Your horse is the hero of the story. He/She is the hero.
Of their story.
And still is the hero in your combined story.
You are not rushing in as the hero
to 'save' your horse.
You are rushing in with a solution as the problem solver for the hero of the story.
Your story with your horse will be stronger and more connected as soon as you realize and acknowledge your horse as the hero of your relationship.
A horse is born with joyful, functional movement patterns.
Those agile, forward, joyful leaps and patterns come from the brain.
Time and improper movement patterns, usually brought on by humans, can reak havoc on the horse's body AND mind.
Years and years of improper and incorrect movement cause the patterns the horse is born with develop 'parking brakes'.
Add to that humans training incorrect and unhealthy micromanaged movements and the parking brakes get stronger.
Intrinsic and Extrinsic Motivation
Which type of motivation is best?
The primary difference between these two types of motivation is extrinsic motivation arises from outside of the individual
while intrinsic motivation arises from within.
While intrinsic motivation is often seen as the ideal, both extrinsic motivation and intrinsic motivation are important ways of driving behavior.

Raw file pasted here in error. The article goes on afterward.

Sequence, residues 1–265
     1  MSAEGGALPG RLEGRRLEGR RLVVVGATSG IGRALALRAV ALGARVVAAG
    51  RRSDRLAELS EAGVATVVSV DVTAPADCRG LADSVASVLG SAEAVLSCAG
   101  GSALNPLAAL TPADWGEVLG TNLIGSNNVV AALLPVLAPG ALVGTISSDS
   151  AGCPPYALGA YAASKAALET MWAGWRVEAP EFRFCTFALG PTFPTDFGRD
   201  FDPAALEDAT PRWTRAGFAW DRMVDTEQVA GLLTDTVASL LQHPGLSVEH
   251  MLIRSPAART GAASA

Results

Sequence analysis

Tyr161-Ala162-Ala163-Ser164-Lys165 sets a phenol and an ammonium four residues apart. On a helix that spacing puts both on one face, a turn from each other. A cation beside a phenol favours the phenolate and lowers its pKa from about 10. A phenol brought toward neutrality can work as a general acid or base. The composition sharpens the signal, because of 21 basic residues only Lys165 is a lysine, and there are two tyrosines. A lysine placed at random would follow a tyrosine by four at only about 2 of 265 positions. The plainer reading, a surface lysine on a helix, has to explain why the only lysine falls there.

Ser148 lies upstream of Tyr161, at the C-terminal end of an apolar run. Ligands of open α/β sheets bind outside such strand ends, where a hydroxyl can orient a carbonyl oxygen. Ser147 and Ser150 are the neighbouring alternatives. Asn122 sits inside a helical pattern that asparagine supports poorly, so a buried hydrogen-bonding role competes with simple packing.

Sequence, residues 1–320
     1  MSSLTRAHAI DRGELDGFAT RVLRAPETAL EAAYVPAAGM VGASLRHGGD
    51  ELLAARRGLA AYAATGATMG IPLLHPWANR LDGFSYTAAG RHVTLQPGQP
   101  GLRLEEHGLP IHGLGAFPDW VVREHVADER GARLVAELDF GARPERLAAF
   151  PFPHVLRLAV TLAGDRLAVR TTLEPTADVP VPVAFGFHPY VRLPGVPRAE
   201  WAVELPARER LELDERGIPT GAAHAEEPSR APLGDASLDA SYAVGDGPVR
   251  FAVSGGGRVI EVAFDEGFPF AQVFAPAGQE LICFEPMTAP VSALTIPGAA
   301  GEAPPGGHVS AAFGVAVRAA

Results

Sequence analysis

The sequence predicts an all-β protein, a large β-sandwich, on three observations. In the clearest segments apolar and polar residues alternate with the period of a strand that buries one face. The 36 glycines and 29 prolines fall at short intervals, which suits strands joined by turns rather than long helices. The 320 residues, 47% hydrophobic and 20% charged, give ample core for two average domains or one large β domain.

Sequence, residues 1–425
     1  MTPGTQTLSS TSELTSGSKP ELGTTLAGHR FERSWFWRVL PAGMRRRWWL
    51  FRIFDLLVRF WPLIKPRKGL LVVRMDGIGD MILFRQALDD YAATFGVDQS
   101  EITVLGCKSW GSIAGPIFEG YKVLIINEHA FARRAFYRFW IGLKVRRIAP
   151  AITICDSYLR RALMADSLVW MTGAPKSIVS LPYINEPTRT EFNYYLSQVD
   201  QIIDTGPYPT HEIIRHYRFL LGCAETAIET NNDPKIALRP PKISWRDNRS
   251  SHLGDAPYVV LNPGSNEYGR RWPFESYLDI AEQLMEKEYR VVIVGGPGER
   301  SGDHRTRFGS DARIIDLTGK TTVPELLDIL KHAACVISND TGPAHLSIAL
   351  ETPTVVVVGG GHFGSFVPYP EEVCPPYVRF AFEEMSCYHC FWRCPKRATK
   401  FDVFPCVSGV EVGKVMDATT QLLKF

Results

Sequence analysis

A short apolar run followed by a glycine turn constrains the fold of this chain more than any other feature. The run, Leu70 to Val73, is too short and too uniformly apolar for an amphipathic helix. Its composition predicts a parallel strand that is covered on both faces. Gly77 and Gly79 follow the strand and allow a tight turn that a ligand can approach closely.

The foundation of my work with training horses:
When there is no choice, there is no engagement.
By engagement, I mean that the horse is really consciously trying to do what we are asking him to do.
Without autonomy and choice, engagement is not possible because, simply, it is a choice that that the horse makes.
Engagement is the 'voice' communication. You need a way to tell your horse what the exercise is, what the criteria within that exercise is and a way to give feedback when the exercise is done well.
The horse is an incredible, mobile work of art. It is capable of almost ridiculous amounts of movement patterns, at a variety of intensities.
The horse can walk, run, jump, and climb and each requires an amazingly sophisticated movement control system.
The horse stands out in their sophistication of movement.
But, and it is a big but, if they don’t use it, they lose it.
The horse must move more freely to maintain pain free healthy movement patterns.
The trouble we have today is that our horses's don’t experience enough functional movement, which is a varied array of movement patterns at varying intensities.
The stability mat challenges the physical body in addition to the emtional and mental elements.
It challenges the horse's :
The emotional and mental strength comes from autonomy which balances body and mind.
Once the horse experiences the balance and proproceptive changes the stability mat provides, it can be hard to get them to not stand on it or even to leave it!
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